Readers of this blog know that long settled understandings regarding what constitutes adequate consideration for a restrictive covenant in Illinois were turned upside down when the First District Appellate Court in Illinois held in Fifield v. Premier Dealer Services, 2013 IL App. (1st) 120327  that, absent other consideration, two years of employment are required for a restrictive covenant to be supported by adequate consideration, regardless of whether the covenant was signed at the outset of employment or after, and regardless of whether the employee quit or was fired.

The Illinois Supreme Court declined to hear Fifield, and three federal judges in Illinois have declined to apply it.  However, the only other Illinois appellate court decision to address Fifield applied it without dissent.

Last week, the First District Appellate Court issued another decision applying Fifield, holding in McInnis v. Oag Motorcycle Ventures, Inc., 2015 IL (1st) 13097 that, in the absence of other consideration, 18 months of employment was not sufficient consideration for a restrictive covenant.  By itself, this ruling was not particularly noteworthy, except to the extent that the court confirmed that other consideration, combined with employment of less than 24 months, can constitute adequate consideration for a restrictive covenant.

What is noteworthy about this ruling, however, is the dissenting opinion by Justice Ellis, in which he wrote as follows:

I do not believe that a per se rule exists in Illinois, requiring that an at-will employee remain employed for at least two years – not one day less – after signing a restrictive covenant before sufficient consideration is found to exist.  Nor do I believe that a bright-line, two-year rule is warranted.  I also believe that the circumstances under which plaintiff left employment – whether he left voluntarily or was fired – are relevant to the determination.  Cases like these are inherently fact-specific, and I do not believe that this area of the law is the place for bright-line rules that remove relevant facts from consideration.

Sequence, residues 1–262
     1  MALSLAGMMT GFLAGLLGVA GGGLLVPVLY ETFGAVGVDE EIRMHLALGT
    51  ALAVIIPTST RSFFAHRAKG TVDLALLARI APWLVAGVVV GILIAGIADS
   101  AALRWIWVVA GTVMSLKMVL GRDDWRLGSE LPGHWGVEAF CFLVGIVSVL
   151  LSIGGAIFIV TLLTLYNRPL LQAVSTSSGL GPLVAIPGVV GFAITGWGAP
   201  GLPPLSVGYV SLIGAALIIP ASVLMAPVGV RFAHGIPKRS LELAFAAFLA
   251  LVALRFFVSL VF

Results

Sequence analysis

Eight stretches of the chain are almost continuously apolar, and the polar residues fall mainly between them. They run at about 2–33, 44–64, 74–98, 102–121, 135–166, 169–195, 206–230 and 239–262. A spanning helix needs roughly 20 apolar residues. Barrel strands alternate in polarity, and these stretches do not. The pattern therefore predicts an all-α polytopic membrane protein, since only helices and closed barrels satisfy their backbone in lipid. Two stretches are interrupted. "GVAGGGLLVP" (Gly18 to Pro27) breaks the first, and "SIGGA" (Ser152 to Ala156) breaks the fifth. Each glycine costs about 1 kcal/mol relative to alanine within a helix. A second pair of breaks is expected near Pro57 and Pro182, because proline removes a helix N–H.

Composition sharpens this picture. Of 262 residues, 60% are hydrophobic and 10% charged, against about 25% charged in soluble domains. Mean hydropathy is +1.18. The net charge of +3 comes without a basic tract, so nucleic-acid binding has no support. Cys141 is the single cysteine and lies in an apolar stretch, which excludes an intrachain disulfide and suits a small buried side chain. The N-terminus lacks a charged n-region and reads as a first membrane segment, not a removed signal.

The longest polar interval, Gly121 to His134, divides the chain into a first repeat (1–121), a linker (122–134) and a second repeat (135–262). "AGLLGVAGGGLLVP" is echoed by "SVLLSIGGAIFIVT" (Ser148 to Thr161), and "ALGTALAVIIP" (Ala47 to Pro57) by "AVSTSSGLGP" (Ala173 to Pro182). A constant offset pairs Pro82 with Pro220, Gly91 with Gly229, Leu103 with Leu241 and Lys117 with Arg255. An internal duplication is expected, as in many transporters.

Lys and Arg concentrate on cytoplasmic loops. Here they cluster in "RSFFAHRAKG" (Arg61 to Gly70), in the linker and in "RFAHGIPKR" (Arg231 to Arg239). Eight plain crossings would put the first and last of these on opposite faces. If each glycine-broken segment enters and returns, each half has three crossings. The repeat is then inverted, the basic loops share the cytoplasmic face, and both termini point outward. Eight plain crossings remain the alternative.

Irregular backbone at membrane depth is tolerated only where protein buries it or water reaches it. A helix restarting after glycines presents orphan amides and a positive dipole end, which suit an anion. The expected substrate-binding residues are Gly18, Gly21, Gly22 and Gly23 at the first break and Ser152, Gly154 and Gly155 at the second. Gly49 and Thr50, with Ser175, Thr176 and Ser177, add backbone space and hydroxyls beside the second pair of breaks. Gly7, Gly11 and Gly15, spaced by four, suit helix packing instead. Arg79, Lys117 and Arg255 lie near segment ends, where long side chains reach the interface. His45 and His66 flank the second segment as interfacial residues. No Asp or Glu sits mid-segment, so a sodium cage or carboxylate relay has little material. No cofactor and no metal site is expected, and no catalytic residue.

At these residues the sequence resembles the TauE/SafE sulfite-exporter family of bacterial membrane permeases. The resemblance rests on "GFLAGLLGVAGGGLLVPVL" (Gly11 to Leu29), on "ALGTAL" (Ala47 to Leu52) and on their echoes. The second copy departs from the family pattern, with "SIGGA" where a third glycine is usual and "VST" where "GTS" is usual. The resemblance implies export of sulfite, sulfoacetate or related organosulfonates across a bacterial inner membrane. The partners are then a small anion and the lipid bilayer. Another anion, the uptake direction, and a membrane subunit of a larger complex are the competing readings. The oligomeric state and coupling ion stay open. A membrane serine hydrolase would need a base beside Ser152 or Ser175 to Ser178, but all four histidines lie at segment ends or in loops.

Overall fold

While a dissent carries no weight by itself, it may foretell a continued judicial discussion on this issue, particularly given that three different federal judges in Illinois have declined to follow Fifield based on their prediction that the Illinois Supreme Court would likely disagree with it.

Given that state supreme courts in Wisconsin and Kentucky both recently weighed in on whether mere continued employment is sufficient consideration for a non-compete (“yes” in Wisconsin, “no” in Kentucky) and given that the Pennsylvania Supreme Court recently heard oral argument on this issue, the question of what is adequate consideration for a restrictive covenant is one of the hottest topics in non-compete law.   Employers should continue to monitor this issue.

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